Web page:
Q: You’ve raised questions about whether Tennessee did the right thing by providing some incentives to GM in Spring Hill, but now GM’s rebounded there fairly well. Do you think the state might have done the right thing after all?

A: “I never said we did the wrong thing. People asked me what the difference is in dealing with unions, and I used that as an example that we have Nissan that we put some money into and they’re flourishing and they aren’t unionized, and GM has unions and they’ve been up and down, to say the least.

Q: Your critics (from Sullivan County) say you tend to put the Republican Party before the needs of regular Tennesseans, and they point to Insure Tennessee. What’s your answer to that?

A: “I disagree with that. Keep in mind, every dollar to finance Insure Tennessee has to come from the working man who’s paying taxes. I’m thinking about the working (people) paying taxes. … I want to provide more jobs. I want to make sure we have fewer people on government benefits. That should be the ultimate goal in the end.

“But for some of those people that’s not the ultimate goal. It just seems like the more people are on government benefits the better off we are. We just philosophically differ.’’

Q: Your supporters say you were pretty bold several years ago when you started saying Republicans could make gains in the General Assembly. Twenty years ago, did you ever foresee a day that the Senate and House would have Republican supermajorities?

A: “I could foresee that day. Absolutely. I really could, because I’d watched the presidential elections. I’d watched the Senate race in 2006 with Bob Corker, although an anomaly there. How we win all these seats … literally the Democrats had gerrymandered these districts is the only way they stayed in place.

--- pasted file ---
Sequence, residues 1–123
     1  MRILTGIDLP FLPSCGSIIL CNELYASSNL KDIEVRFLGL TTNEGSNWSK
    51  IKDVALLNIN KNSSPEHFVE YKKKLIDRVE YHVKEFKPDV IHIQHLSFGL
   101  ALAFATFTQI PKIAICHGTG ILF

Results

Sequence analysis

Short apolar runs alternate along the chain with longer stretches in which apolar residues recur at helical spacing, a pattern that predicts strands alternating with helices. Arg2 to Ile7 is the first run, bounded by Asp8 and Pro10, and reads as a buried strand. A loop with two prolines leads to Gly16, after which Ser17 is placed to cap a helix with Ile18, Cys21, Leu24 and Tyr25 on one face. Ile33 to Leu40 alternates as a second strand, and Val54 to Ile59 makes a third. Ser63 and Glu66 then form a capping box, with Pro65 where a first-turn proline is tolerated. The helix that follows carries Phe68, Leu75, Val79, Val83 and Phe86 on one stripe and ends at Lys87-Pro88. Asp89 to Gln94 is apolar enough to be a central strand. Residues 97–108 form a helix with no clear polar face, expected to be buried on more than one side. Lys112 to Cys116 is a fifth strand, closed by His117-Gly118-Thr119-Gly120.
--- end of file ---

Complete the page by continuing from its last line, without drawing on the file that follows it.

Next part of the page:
“So we started working toward that, and I like to say when we did our last redistricting, we literally un-gerrymandered the state. Our redistricting plan is the only one ever since Baker vs. Carr that was upheld in court. So yes, I could tell you that very easily, if we raised money, we ran the right candidates, got our message out to people, we’d have a majority and a supermajority, absolutely.’’

Q: You received quite a bit of support from Tea Party groups when you ran for governor. Do you consider yourself a Tea Party Republican?

A: “I agree with their philosophy for the most part and the fact that they do want less government intervention and to keep Washington out of state politics, and things of that nature.

“I don’t know exactly what the Tea Party stands for, to be honest with you. It’s a loose group that has a basic philosophy, so I lean toward their philosophy.’’

Q: You’re getting pretty much everything you want in the Senate to move through it. Are you concerned things could move so far to the right, the Legislature could start losing votes in the middle?